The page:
Incontrovertible evidence later revealed that on that morning the cops handcuffed him, dragged him by his hair to the police car. They drove him to a dark corner of Elysian Park where they proceeded to beat the hell out of him, kicking and punching him mercilessly. The cops gave him a beating that would make the Rodney King beating look like something at a Sunday picnic. Rodela’s face was severely fractured. Several ribs were shattered.
He later revealed that while he feigned being unconscious, hoping the cops would stop kicking him, he heard one of the cops say: “You’d better make your [police] report good – that he resisted arrest and assaulted you with a flower pot or something.” Rodela spent weeks in the hospital, but he survived.
But the events of “Bloody Christmas” were far from over on the morning the cops nearly killed Rodela in Elysian Park .
Back at the Central police station where the cops were still drinking to celebrate the holiday season, word came about the confrontations between cops and Chicanos. A (false) rumor was spread that one of the police officers involved was injured to the point of losing an eye. That enraged the police partygoers.
A convenient target for their anger was nearby. The cops went to the jail cells where the six arrested young men were being held. Lots of witnesses saw what happened next. The cops lined up the young men and proceeded to beat them nearly to death. Evidence later revealed that the cops viciously beat the young men for an hour and a half. The floor of the jailhouse was saturated with blood.
What would you expect would happen from there? That the cops would immediately be charged with crimes? Of course not. Instead of that, the young men who were nearly beaten to death went on trial for assaulting the police. It sounds incredible, but that’s what happened – at first.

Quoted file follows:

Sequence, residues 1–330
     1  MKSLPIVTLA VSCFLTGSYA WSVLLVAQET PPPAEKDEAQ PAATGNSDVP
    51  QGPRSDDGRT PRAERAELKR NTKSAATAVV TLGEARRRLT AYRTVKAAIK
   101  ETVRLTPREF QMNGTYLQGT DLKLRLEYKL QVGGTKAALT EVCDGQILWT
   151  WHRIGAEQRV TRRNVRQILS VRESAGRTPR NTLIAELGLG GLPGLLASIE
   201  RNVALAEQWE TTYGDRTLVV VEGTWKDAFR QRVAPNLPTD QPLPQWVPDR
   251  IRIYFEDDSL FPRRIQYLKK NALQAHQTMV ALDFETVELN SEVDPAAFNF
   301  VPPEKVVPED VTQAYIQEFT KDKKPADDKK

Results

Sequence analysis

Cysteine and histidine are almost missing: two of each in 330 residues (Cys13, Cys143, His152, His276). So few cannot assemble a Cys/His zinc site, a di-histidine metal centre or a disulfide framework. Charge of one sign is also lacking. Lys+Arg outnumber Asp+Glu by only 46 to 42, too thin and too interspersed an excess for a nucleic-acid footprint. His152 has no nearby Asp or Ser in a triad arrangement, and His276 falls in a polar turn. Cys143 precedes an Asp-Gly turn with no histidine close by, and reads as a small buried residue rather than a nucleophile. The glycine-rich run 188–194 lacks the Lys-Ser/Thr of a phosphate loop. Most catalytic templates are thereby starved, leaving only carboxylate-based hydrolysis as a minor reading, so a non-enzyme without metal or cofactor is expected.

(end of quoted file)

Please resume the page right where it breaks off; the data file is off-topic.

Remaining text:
When the case went to trial the judge – no bleeding-heart liberal but a reasonable individual – could not allow the travesty to continue. Los Angeles Municipal Court Judge Joseph Call said: “This case is permeated with testimony of vicious beatings and brutality perpetrated without cause, and it stinks to high heaven and all the perfumery in Arabia cannot obliterate its stench.” The judge released the defendants (who were victims of police brutality) and scolded the cops for unmistakably representing “lawless law enforcement.” The prosecutor referred to the Chicanos as “hoodlums and mad dogs,” but to no avail as the judge saw through the tissue of lies being perpetrated by the cops and prosecutors.
Eventually a grand jury investigation in Los Angeles looked into the matter. You’ll recall that recently the grand juries in the Michael Brown and Eric Garner cases decided NOT to indict and prosecute the police. In the case of “Bloody Christmas” the facts and the evidence were so overwhelming that the grand jury could not turn a blind eye to the nefarious actions of the cops. (This was at a time when cops routinely mistreated black, Mexican and poor residents and knew they would get away with it)
Remarkably, the grand jury indicted eight Los Angeles Police Department officers. Three were cleared and five were convicted of assault “under cover of authority.” It was a bit of a victory for the people. A bit of justice was attained after all. However, they received slaps on the wrist as punishment. They were sentenced to less than a year in prison. Also, dozens of cops were temporarily suspended. But the cover ups and lynch-mob tactics of the LAPD soon resumed after the dust of “Bloody Christmas” settled.
And that’s why vigilance on the part of the people is required today. The protestors today who demonstrate against police brutality are not “anti police,” as the rightwing politicians and media blowhards contend. They are “anti bad police.” There is quite a difference. And so, we must understand what’s at work in the current circumstances, but we must also know our history.